Our professional talking class wasn’t particularly interested in an infanticidist butcher with an astonishing rap sheet: He gave preferential treatment to whites over blacks; he infected women with venereal diseases from dirty equipment; dealt drugs on the street out of his clinic; employed unqualified teens to serve patients and administer drugs; taught them how to snip infant spines with scissors; and he coldly, savagely killed hundreds of born, viable babies, while negligently killing at least one mother.
In the end, the “House of horrors” was brought down inadvertently by a federal drug bust.
The indictment against Philadelphia abortionist Kermit Gosnell defies even a sinister imagination. The indictment of the national media, on the other hand, defies originality; they ignored a story that didn’t fit their agenda.
Actually, it’s worse than that. The Philadelphia infanticide story is like Benghazi: Big Media is violently allergic to anything that diminishes its heroes or its heroic causes.
But this? Where were eager reporters and stories about the slaughter of hundreds of black babies born alive in a Philadelphia butchery? Where are shocking reports of snipped spines, amputated feet in formaldehyde jars, bloody floors, wailing humans spending their last terrified seconds before a whiskered ghoul knifed, cut, or scissored them? Or just dumped them in a toilet.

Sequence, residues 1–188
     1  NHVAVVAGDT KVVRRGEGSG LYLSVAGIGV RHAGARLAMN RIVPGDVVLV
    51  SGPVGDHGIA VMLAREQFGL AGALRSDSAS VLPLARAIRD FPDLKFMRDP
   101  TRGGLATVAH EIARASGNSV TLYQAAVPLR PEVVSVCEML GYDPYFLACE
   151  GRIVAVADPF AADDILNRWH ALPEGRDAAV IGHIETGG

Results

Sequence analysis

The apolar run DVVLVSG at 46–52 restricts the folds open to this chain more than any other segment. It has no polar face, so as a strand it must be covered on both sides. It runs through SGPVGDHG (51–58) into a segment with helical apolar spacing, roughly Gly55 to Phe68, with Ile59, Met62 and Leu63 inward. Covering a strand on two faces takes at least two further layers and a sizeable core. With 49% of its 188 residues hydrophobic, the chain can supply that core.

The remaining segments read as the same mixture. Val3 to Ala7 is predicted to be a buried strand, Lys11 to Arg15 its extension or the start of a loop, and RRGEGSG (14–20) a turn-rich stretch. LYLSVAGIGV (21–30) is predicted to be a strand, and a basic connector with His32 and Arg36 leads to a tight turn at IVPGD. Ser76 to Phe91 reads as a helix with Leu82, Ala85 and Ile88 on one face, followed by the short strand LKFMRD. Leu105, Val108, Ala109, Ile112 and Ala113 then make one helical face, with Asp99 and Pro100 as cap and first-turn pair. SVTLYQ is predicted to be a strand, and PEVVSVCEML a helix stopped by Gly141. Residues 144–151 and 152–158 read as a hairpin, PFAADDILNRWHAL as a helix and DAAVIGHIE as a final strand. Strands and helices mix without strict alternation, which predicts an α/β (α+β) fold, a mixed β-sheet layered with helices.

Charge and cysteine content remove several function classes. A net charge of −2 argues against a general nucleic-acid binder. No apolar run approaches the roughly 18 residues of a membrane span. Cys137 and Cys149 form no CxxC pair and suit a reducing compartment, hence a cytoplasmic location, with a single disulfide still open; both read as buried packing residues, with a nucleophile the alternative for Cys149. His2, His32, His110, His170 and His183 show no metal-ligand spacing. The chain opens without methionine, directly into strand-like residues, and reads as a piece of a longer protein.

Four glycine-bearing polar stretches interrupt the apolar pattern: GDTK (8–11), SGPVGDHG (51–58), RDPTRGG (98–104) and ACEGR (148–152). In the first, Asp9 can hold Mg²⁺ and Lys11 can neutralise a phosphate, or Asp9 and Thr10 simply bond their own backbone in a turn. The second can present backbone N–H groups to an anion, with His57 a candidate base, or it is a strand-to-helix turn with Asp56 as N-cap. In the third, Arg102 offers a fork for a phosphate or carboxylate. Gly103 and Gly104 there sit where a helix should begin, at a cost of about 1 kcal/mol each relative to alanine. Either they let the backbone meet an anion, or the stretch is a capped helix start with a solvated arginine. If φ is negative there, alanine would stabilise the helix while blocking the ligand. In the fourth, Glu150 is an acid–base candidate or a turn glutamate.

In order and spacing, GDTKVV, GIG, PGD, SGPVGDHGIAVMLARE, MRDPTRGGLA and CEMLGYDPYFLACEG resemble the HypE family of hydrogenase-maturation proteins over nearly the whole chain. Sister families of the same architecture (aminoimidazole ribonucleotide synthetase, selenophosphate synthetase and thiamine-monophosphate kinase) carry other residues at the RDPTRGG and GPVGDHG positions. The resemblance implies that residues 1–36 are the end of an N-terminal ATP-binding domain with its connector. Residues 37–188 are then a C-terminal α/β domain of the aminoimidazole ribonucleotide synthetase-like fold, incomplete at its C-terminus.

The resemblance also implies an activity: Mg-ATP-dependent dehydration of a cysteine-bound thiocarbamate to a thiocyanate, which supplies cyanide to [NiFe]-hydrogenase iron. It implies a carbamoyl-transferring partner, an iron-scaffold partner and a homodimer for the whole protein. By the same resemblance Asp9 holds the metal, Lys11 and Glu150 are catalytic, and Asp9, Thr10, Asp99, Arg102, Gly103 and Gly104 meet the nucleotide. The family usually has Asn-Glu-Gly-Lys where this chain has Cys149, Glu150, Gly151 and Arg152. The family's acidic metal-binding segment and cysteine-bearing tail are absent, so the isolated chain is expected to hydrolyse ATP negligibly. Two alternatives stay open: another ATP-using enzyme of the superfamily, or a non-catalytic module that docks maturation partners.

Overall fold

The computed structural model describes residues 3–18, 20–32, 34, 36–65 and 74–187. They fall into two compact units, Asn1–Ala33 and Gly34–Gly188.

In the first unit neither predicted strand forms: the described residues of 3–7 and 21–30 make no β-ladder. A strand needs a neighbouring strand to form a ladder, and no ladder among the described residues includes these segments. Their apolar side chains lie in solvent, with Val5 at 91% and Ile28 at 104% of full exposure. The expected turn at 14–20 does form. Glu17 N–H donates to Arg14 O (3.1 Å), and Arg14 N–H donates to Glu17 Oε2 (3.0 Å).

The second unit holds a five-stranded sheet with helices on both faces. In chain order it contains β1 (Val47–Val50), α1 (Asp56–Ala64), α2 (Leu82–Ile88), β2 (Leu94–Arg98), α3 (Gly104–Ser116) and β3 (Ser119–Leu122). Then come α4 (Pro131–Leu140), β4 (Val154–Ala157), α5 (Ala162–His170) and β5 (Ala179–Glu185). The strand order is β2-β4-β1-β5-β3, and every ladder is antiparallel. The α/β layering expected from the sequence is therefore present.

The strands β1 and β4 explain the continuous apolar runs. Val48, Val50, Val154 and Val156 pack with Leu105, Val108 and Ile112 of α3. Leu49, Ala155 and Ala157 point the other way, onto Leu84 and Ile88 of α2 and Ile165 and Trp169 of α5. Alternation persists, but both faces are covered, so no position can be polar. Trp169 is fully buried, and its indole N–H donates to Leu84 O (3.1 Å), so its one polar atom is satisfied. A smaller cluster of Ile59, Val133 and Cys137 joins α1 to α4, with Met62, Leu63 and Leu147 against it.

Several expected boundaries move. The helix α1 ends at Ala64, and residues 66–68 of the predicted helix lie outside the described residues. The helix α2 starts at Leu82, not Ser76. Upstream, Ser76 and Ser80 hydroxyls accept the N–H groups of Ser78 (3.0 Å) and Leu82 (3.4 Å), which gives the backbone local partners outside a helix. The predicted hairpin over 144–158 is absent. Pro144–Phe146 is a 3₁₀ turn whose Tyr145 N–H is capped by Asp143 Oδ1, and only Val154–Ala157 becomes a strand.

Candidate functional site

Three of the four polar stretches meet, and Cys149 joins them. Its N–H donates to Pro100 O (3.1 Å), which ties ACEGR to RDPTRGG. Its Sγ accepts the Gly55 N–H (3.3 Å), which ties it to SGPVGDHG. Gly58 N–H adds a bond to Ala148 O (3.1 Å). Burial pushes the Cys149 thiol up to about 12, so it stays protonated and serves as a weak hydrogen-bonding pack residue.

Where are the talking heads condemning this depravity? Where is the president solemnly calling for us to do better as a nation?
Whether you consider yourself pro-life or pro-choice, the savagery on record here is anti-human. But there’s been little in the national papers, near total silence from the networks. No honest rationale can defend the blackout.
It’s worse than just looking away. It exposes several shades of hypocrisy.
Consider how the media would treat an undeniable monster in any other line of work. Imagine, say, a West Philly gun seller whose contempt for law and humanity horrifies all decent citizens, including other gun sellers. He laughingly sells to children; to drug dealers; he gives tips on the most lethal or the most painful parts of the body to shoot. He ignores all required standards.
One day, an illegal buyer walks out the door and shoots a mother and baby. The gun dealer is on trial for murder.
Do you think, perhaps, the networks would find him extraordinarily relevant to the rest of the firearms industry? A morality tale with important lessons? An occasion to demand new laws and stricter regulation of gun sales?